Last year, according to the Met Office Hadley Centre, was the second warmest on record with a temperature anomaly of 0.50C above the 1961-1990 average.
This was very close, but slightly below their forecast which was issued at the Copenhagen climate summit in December 2009. It stated global temperatures were likely to be almost 0.6C above the 1961-1990 average.
In fact the forecast for 2010 was part of a projection for 2009-2019 which showed a range of possible outcomes for each year but with a "central estimate" for 2010 showing a figure of about 0.55C above the average. The forecast of a 0.6C rise it would seem was 'rounded up' from this central estimate.
This means that in the last 11 years, 10 of the global forecasts issued by the Met Office have been too warm. This 'warm bias' in their forecasts, first discussed on this blog, and later by Roger Harrabin, is very small, just 0.05C, and according to the Met Office the difference between the forecast and the actual temperature is within its own stated margins of error.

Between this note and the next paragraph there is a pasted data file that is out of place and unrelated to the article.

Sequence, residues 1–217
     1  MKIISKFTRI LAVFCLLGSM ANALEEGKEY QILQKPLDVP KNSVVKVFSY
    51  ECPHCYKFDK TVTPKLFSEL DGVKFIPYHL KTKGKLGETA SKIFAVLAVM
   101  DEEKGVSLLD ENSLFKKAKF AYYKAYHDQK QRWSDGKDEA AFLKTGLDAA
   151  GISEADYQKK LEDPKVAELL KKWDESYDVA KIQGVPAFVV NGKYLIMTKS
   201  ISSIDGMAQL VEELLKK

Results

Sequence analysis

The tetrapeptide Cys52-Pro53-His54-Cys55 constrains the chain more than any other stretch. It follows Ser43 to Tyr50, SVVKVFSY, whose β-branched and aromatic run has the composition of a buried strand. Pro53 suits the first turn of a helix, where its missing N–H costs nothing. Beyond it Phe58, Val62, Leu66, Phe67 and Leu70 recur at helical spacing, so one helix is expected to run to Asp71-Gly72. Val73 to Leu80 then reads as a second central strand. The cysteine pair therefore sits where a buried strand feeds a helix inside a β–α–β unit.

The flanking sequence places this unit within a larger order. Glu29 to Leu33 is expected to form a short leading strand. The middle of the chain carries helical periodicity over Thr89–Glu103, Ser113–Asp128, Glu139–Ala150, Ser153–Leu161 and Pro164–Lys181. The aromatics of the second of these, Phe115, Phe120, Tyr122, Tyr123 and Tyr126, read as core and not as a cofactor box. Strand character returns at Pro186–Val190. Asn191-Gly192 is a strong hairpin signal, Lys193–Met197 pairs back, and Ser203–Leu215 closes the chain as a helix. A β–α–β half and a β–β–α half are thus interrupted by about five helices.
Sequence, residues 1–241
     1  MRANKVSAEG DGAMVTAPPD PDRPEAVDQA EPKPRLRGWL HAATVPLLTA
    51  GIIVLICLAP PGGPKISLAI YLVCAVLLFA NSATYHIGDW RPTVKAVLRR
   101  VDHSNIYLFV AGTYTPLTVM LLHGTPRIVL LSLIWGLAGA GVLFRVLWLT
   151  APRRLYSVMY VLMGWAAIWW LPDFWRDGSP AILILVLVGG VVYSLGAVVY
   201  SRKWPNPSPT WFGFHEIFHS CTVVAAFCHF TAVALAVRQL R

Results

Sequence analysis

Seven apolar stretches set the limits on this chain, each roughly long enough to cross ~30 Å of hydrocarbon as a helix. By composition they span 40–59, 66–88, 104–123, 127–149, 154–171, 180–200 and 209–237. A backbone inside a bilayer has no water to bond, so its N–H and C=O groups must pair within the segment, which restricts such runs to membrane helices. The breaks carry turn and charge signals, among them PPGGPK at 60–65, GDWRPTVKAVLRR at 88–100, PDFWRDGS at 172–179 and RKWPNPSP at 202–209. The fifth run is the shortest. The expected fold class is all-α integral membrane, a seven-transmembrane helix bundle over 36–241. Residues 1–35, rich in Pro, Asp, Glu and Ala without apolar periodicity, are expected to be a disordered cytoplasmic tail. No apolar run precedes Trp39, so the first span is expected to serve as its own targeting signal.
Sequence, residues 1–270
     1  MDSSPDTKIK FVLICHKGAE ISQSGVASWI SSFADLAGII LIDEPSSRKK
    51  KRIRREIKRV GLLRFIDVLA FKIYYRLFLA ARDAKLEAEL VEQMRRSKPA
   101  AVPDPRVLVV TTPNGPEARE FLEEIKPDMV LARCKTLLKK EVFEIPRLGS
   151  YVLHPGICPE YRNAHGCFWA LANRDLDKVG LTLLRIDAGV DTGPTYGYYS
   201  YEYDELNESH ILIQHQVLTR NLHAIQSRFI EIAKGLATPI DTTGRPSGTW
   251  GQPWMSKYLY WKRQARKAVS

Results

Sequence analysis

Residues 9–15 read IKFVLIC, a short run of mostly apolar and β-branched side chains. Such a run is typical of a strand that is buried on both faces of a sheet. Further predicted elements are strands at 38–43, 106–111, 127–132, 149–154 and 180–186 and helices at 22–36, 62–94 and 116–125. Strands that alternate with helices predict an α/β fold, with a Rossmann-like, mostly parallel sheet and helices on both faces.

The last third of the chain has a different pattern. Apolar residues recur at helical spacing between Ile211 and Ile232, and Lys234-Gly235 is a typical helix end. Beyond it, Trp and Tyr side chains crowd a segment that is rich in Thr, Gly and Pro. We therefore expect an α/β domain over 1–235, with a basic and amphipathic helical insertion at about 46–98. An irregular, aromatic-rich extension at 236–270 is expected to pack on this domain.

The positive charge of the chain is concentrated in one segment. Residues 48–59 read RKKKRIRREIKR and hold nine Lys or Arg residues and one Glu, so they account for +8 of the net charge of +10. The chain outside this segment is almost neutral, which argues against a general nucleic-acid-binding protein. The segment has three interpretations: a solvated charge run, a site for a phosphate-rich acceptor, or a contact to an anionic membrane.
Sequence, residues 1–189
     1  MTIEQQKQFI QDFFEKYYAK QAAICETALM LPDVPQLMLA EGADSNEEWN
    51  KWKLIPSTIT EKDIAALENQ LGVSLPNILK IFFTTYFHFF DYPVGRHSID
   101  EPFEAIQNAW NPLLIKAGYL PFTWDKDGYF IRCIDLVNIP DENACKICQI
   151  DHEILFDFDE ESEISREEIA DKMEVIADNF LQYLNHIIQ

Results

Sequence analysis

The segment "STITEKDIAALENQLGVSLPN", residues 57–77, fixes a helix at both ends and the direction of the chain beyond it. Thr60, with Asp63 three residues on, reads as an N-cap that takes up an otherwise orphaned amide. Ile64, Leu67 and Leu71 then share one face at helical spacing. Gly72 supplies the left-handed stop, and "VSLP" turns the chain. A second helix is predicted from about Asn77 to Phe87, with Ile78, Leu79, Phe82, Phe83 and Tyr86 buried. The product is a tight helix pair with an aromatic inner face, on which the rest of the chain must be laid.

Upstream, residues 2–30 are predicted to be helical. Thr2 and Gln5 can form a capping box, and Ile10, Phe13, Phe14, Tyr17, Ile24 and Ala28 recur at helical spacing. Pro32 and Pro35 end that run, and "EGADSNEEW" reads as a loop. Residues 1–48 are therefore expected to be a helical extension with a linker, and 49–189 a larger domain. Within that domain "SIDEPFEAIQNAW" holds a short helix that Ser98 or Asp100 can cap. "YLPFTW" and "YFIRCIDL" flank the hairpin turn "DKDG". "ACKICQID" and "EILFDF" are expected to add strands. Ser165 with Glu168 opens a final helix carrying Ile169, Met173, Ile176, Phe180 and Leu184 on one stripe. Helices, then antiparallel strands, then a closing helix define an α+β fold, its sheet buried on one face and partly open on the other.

But it would be normal to expect a random scatter of errors either side of the central forecast temperature, rather than for the error to be always on the warm side, as is the case here.
There could be a number of explanations for this, including the lack of observations in the Arctic circle where warming has been strong. If this warming has been underestimated, it would mean that the Met Office global forecasts in the last 11 years may not have a warm bias - it could be that global temperatures have been warmer than what has actually been observed.
Looking ahead, The Met Office expects 'half the years between 2010 and 2015 to be hotter than the hottest year on record'.
As for 2011 they are expecting another very warm year, with a global anomaly forecast of +0.44C above the 1961-1990 average.
That would make 2011 the equal 6th warmest year on record. Their latest forecast for 2011 can be read here.
So far, it's been a very cold start to the year globally. With La Nina, an area of cold water in the tropical Pacific which depresses global temperatures, expected to continue well into 2011, the Met Office's global forecast is already beginning to look too warm.